The Thousand-Mile War, a powerful story of the battles of the United States and Japan on the bitter rim of the North Pacific, has been acclaimed as one of the great accounts of World War II. Brian Garfield, a novelist and screenwriter whose works have sold some 20 million copies, was searching for a new subject when he came upon the story of this "forgotten war" in Alaska. He found the history of the brave men who had served in the Aleutians so compelling and so little known that he wrote the first full-length history of the Aleutian campaign, and the book remains a favorite among Alaskans.
The war in the Aleutians was fought in some of the worst climatic conditions on earth for men, ships, and airplanes. The sea was rough, the islands craggy and unwelcoming, and enemy number one was always the weather--the savage wind, fog, and rain of the Aleutian chain. The fog seemed to reach even into the minds of the military commanders on both sides, as they directed men into situations that so often had tragic results. Frustrating, befuddling, and still the subject of debate, the Aleutian campaign nevertheless marked an important turn of the war in favor of the United States.
Now, half a century after the war ended, more of the fog has been lifted. In the updated University of Alaska Press edition, Garfield supplements his original account, which was drawn from statistics, personal interviews, letters, and diaries, with more recently declassified photographs and many more illustrations.
For Americans World War II was “a good war,” a war that was worth fighting. Even as the conflict was underway, a myriad of both fictional and nonfictional books began to appear examining one or another of the raging battles. These essays examine some of the best literature and popular culture of World War II. Many of the studies focus on women, several are about children, and all concern themselves with the ways that the war changed lives. While many of the contributors concern themselves with the United States, there are essays about Great Britain, Canada, France, Germany, Poland, Russia, and Japan.
The recent dedication of the World War II memorial and the sixtieth-anniversary commemoration of D-Day remind us of the hold that World War II still has over America's sense of itself. But the selective process of memory has radically shaped our picture of the conflict. Why else, for instance, was a 1995 Smithsonian exhibition on Hiroshima that was to include photographs of the first atomic bomb victims, along with their testimonials, considered so controversial? And why do we so readily remember the civilian bombings of Britain but not those of Dresden, Hamburg, and Tokyo?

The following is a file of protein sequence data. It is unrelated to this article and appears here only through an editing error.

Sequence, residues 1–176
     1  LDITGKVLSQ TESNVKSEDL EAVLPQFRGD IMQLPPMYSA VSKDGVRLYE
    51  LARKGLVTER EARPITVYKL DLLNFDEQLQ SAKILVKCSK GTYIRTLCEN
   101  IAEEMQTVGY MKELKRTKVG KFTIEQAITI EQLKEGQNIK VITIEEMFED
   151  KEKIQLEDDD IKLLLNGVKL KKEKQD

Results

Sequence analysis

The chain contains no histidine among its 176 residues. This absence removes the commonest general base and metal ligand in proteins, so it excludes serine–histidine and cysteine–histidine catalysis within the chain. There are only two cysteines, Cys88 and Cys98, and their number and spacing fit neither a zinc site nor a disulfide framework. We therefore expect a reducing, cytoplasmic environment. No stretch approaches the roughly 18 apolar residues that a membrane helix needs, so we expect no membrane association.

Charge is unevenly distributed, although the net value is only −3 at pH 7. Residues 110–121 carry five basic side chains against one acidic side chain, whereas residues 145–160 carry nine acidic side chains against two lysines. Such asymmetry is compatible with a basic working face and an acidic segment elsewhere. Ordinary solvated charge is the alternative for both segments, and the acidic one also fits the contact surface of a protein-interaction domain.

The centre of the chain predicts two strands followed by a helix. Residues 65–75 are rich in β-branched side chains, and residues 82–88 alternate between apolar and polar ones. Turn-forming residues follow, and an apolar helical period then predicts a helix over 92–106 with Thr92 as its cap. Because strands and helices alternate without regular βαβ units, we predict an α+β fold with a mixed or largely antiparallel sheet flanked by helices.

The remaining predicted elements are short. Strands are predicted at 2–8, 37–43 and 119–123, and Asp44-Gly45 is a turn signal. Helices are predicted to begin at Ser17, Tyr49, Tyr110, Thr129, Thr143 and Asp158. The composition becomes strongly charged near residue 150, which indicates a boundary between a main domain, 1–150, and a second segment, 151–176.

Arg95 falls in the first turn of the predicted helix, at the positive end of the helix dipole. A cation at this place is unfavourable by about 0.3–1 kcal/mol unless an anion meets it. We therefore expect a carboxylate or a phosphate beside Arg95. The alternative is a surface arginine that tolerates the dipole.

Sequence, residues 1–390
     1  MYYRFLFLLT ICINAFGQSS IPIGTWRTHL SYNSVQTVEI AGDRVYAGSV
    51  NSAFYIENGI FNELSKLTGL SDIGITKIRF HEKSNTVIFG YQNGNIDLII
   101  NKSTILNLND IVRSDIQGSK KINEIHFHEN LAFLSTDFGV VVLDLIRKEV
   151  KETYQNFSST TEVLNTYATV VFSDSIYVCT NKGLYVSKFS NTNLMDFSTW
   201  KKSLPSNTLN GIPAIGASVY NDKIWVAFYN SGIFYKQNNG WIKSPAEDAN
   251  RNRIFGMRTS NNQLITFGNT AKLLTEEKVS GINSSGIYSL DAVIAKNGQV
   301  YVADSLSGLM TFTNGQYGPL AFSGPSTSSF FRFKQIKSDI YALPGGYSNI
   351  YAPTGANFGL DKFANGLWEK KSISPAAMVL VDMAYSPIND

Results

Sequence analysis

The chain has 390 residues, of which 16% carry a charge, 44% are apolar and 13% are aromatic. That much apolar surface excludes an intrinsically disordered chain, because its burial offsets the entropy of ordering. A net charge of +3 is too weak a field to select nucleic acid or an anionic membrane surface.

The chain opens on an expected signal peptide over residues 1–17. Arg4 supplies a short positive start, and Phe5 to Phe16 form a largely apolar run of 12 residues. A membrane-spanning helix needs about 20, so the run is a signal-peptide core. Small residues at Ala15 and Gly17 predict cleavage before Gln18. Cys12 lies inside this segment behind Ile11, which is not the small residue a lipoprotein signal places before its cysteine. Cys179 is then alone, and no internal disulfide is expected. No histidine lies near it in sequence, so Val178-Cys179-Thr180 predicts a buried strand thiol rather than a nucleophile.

Marianna Torgovnick argues that we have lived, since the end of World War II, under the power of a war complex—a set of repressed ideas and impulses that stems from our unresolved attitudes toward the technological acceleration of mass death. This complex has led to gaps and hesitations in public discourse about atrocities committed during the war itself. And it remains an enduring wartime consciousness, one most recently animated on September 11.
Showing how different events from World War II became prominent in American cultural memory while others went forgotten or remain hidden in plain sight, The War Complex moves deftly from war films and historical works to television specials and popular magazines to define the image and influence of World War II in our time. Torgovnick also explores the 1961 trial of Adolf Eichmann, the emotional legacy of the Holocaust, and the treatment of World War II's missing history by writers such as W. G. Sebald to reveal the unease we feel at our dependence on those who hold the power of total war. Thinking anew, then, about how we account for war to each other and ourselves, Torgovnick ultimately, and movingly, shows how these anxieties and fears have prepared us to think about September 11 and our current war in Iraq.
We Are a College at War weaves together the individual World War II experiences of students and faculty at the all-female Rockford College (now Rockford University) in Rockford, Illinois, to draw a broader picture of the role American women and college students played during this defining period in U.S. history. It uses the Rockford community’s letters, speeches, newspaper stories, and personal recollections to demonstrate how American women during the Second World War claimed the right to be everywhere—in factories and other traditionally male workplaces, and even on the front lines—and links their efforts to the rise of feminism and the fight for women’s rights in the 1960s and 1970s.